Let’s use ever-increasing intelligence – and stop the flow of dirty money out of poor countries.
Posts Tagged: Overseas Aid
I was delighted to see your appointment. I confess to slight bias, given that you retweeted an article of mine calling for an end to ring-fencing of the aid budget.
We need to have a Foreign Affairs Committee that mixes idealism with clear thinking – and holds the Foreign Office to account.
Africa is home to 16 per cent of the world’s population, and this is set to double by 2050. Its GDP is expected to reach $3.2 trillion in the next five years.
The International Development Secretary won’t be drawn on the Prime Minister’s previous comments on his budget or his Department.
Edward Parson: Keep the International Development Department. But scrap the 0.7 per cent aid target.
DFID managed its portfolio with far greater efficiency than the Foreign Office. But it should improve how it aligns traditional aid objectives with Britain’s goals.
Tom Tugendhat: The three foreign policy actions that Johnson should take now that he has this huge majority
For the first time in decades the levers of British influence – defence, diplomacy, aid and trade – could sit alongside domestic efforts in education and infrastructure.
Johnson – at a stroke, a bigger player in foreign affairs, because of his larger majority. But what does he want to do?
The scale of his domestic ambitions and the legacy of the Iraq War suggest that his ambitions will be limited – for the moment at least.
A separate department was right for the stable, hopeful 1990s. But the years have presented various challenges for which it is less well-suited.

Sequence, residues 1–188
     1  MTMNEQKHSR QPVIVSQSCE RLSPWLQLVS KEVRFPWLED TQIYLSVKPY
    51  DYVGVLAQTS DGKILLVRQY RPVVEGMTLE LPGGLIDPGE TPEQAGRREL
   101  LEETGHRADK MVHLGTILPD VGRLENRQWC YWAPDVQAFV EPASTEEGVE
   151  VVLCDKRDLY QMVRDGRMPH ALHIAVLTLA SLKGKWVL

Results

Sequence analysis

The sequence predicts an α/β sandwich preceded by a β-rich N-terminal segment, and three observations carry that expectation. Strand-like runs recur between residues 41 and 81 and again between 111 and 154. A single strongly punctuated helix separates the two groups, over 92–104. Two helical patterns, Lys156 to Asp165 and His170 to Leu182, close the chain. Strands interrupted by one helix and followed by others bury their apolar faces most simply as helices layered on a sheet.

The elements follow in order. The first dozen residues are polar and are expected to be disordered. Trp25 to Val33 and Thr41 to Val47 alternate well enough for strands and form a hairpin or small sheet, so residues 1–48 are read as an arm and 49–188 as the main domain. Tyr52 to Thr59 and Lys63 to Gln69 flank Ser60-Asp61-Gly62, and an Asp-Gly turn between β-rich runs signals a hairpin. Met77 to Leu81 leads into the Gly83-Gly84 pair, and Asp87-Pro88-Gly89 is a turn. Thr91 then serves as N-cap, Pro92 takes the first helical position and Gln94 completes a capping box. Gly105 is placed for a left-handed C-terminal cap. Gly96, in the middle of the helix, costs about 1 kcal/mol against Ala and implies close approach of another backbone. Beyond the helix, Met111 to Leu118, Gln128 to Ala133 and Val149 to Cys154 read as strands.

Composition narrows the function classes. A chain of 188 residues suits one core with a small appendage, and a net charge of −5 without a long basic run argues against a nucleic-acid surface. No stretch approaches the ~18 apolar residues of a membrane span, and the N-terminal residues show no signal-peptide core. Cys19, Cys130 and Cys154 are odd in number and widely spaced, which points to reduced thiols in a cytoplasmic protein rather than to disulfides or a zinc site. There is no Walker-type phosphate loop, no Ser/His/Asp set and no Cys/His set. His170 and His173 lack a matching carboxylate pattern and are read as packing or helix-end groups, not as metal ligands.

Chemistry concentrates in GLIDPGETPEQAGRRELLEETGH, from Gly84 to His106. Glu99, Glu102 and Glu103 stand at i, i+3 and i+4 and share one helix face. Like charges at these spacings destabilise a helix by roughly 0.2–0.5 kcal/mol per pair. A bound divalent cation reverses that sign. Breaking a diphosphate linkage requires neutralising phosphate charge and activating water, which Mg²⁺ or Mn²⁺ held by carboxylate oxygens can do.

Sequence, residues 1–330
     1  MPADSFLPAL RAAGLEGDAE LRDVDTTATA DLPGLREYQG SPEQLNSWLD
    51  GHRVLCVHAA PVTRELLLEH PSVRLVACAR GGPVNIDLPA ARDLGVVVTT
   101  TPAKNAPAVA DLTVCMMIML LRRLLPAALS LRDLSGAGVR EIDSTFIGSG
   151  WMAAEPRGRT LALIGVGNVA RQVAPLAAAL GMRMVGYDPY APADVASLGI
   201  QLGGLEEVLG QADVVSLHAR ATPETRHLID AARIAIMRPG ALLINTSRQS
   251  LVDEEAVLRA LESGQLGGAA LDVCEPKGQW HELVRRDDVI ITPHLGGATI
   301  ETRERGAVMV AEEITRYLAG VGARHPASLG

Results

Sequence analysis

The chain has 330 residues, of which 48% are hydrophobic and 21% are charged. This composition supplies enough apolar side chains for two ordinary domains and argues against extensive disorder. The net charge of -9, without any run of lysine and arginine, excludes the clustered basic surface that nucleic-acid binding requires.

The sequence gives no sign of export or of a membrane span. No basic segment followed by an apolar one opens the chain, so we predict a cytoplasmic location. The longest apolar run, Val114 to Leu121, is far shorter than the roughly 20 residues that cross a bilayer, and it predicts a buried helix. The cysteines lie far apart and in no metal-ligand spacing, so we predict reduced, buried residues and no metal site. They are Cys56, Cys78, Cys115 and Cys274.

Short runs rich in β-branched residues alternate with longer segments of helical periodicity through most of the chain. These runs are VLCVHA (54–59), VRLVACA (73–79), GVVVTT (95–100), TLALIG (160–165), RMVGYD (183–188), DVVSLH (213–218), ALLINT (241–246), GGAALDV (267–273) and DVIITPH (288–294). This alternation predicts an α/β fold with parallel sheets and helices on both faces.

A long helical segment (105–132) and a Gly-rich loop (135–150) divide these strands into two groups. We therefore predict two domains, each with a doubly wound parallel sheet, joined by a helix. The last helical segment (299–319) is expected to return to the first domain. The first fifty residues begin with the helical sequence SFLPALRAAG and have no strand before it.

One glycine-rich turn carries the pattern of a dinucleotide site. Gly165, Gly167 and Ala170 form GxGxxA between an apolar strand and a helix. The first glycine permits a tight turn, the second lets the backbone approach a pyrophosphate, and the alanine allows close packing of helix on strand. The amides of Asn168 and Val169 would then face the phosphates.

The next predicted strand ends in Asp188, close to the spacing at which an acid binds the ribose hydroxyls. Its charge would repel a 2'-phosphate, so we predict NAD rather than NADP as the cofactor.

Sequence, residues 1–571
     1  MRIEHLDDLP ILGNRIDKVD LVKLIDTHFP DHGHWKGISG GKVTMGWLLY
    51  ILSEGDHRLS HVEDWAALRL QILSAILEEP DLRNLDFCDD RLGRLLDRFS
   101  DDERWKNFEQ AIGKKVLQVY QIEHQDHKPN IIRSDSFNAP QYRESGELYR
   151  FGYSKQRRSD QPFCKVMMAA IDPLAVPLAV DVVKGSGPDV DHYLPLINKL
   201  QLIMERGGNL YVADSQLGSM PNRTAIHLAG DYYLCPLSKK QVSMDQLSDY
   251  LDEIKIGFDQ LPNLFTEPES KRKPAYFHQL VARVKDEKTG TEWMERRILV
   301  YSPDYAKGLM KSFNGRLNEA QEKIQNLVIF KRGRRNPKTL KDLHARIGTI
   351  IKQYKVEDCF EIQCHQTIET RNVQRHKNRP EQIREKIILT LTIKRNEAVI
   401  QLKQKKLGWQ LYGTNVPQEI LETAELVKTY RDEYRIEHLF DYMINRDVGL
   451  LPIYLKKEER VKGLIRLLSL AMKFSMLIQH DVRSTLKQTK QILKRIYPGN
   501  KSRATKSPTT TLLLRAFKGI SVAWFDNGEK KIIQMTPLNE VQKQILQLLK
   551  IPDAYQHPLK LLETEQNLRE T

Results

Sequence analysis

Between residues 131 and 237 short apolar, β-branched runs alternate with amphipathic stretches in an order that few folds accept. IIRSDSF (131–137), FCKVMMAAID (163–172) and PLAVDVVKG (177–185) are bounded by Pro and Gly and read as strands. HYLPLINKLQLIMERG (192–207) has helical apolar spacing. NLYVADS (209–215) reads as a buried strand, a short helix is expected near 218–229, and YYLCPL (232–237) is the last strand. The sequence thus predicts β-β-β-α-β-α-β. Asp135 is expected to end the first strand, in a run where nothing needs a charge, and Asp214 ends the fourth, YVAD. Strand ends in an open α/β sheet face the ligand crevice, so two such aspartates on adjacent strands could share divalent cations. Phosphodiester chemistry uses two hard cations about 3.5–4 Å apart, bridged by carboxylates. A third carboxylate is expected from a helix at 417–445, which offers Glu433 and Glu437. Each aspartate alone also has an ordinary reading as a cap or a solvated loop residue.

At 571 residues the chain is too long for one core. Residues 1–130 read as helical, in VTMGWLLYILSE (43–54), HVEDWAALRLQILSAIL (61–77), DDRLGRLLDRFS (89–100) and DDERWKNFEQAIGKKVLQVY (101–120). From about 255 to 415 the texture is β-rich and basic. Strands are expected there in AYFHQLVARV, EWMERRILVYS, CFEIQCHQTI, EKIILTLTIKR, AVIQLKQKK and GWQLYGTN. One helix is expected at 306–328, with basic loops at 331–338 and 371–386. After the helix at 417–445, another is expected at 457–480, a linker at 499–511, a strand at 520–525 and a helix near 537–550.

Don’t expect Downing Street to bother too much about what MPs or the media think as it prepares to shake up government and Whitehall.
We should measure the success of our aid programmes by the good we achieve, not simply by the amount of money we spend.
Patrick Spencer: Some advice for the new Conservative leader. Stick to these three ideas to boost productivity.
The new Chancellor should stick to the basics of cutting taxes, spending more on education and rebalancing growth outside of London.
Iain Mansfield: Brexit by October 31. Stop using the Left’s language. And stand for skilled workers. Essentials for our next Prime Minister.
Which candidate can devise and push through the policies needed to unite the Tory shires with the Leave voters of the north?
He is the only candidate who can further the work of the project to which Esther McVey and I are so committed.
Stephen Crabb and Desmond Swayne: The next Prime Minister must uphold Britain’s commitment to overseas aid
It’s so much more than charity: it bolsters our diplomacy and nurtures trading partners and military allies around the world.